Also, even if you are correct and I wrong, this will effect some gun types more than others.  People had the perception that certain rifles that the anti-gun people like to call "assault weapons" because of how they look were in danger of being banned and many stocked up on those, but I don't think the market for handguns, shotguns, or rifles that aren't black and scary looking to the political left will be affected at all by the Obama spike in sales.  Yes, Obama was the world's best firearms salesman and now he's gone, but long term there will be another Obama-like president and gun sales will spike like crazy again.

no_free_lunch

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Re: Firearms - RGR and AOBC
« Reply #14 on: February 15, 2017, 10:52:10 AM »
I think it could affect profit margins if it lowers prices.  What if margins stay the same as a % of revenue.   If your volume doesn't increase then your operating margins go down.  It could also lead to more competition if it is faster / easier to ramp up production.  It is a long-term risk though, just something I think about if I bought into this industry and got stuck in a slump for a decade.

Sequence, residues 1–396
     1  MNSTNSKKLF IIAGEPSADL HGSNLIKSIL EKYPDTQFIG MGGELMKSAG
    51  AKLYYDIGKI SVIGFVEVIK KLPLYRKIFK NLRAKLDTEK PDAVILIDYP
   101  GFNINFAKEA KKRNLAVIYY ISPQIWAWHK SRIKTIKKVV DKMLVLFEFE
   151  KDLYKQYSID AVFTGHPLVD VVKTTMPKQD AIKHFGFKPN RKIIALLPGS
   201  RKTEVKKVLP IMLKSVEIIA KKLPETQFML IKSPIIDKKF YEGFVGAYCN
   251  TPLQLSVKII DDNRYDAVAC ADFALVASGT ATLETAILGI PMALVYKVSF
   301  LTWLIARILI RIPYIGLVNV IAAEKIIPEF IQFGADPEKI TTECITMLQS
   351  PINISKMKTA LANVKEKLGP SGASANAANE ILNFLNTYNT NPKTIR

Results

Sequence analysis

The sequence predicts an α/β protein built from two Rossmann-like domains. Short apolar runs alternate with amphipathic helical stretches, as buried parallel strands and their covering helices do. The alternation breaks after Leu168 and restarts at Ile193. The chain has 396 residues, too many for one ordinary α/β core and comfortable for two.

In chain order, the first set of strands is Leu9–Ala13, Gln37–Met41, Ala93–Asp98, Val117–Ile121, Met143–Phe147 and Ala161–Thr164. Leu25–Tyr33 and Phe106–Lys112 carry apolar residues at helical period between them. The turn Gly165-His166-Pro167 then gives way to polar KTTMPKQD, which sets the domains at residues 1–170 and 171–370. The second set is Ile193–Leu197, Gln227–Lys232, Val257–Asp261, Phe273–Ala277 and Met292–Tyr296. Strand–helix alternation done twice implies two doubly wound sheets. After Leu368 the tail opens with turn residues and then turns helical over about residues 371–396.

It is possible I am completely wrong on the tech thing.  However, like you say there is still politics, used firearms, which indicate secular headwinds.  I am staying out.

Pelagic

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Re: Firearms - RGR and AOBC
« Reply #15 on: February 15, 2017, 11:33:55 AM »